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Did anyone else order a ton of cloth face masks only to realize they won’t arrive before your next necessary grocery run? I’ve placed quite a few orders over the past month or so—I’d just rather stock up than wash mine every single day—but until they arrive, I’ve managed to whip up a banana face mask that I’m actually pretty proud of. All it took was a bandana and some hair ties! Not to flex, but I’m pretty much a mask-making pro, so I thought I’d walk you through it in case you’re curious as to how to make your own face mask out of a bandana. Welcome to my mask masterclass.
As the coronavirus pandemic continues on, wearing a cloth face mask is imperative as we all do our part to prevent the spread of germs to others we come into contact with. Wearing a mask isn’t about your own safety, it’s about keeping others safe by preventing your own germs from reaching them. Treat others the way you want to be treated, and don’t even try to tell me you don’t want to be treated germ-free! Of course, cloth masks and DIY bandana masks are not medical-grade, and you’ll need to wash them after wearing, but they do the trick for a quick errand or two.
If you happen to have a bandana lying around from a past Coachella or cowboy halloween costume (Or, maybe you’re one of those cool Instagram girls that can effortlessly wear one in your hair. Can’t relate, but jealous AF!) you can whip up a cute face mask in a matter of minutes. To learn the steps, read on.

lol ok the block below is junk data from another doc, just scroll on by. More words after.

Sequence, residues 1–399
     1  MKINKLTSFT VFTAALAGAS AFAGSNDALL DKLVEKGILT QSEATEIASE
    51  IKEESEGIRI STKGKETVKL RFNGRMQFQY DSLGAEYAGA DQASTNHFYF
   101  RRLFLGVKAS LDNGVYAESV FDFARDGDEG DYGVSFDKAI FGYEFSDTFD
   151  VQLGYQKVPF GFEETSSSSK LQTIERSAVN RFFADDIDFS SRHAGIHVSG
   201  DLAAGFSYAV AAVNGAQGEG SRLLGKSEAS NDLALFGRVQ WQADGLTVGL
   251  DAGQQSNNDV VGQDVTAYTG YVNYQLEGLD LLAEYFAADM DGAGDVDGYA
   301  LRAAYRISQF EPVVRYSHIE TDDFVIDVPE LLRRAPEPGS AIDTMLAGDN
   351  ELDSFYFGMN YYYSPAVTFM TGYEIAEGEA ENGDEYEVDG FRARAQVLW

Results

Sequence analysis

Gather up supplies! The first thing you’ll need, of course, is a bandana. If you don’t already have one lying around from the dollar store, you can always order one on Amazon. I went with this tan color because minimalist neutrals are trendy right now; if you can’t tell, I’m on a mission to have a ~mildly stylish~ face mask at the end of all this!
The only other things you’ll need are two standard hair ties. I can’t find the exact set I used, but these are another option with both neutral tones and black. Since my bandana is tan, I thought the tan-colored hair elastics would look better than standard black, but to each their own.
Lay your bandana flat.
Fold the bottom of the bandana up to the middle.
Fold again, reaching 3/4 of the way up the bandana.
Fold one more time, so the bandana is 1/4 of the original size.
Slide a hair elastic onto each side of the folded bandana.
Fold one side in, and open it up to create a hole-like opening.
Fold the other side in, this time tucking it into the opening.
Your mask is complete! That wasn’t too hard, now was it? You might have to adjust a little bit the first time you put it on, but I promise, the more you wear masks, the more you get used to the feeling. It’s a new normal, and we’ve all got to lean in! To make myself feel a little bit more excited about wearing my mask, I’ve taken the extra step to accessorize it—and TBH, I highly recommend.
I saw a ton of friends on Instagram styling the Lara Gold Chain Multi-Use Strap from Pretty Connected Shop, owned by Lara Eurdolian, as neither a camera strap nor bag chain, but a mask chain—think sunglasses strap, but for your face mask, so it stays in place when you whip it off the second you get in the car or leave a public space. Genius!
It might seem extra to some, but it makes me feel cute in a very not-cute time, so I’d highly recommend it as the finishing touch to your DIY mask.
With that, my bandana mask masterclass in reaches its end. Masks are incredibly important to wear right now to prevent the spread of germs, so don’t be afraid to spend a little extra time crafting one you love. That way, reaching for it every day will feel like a treat, not a duty. Happy mask-making!
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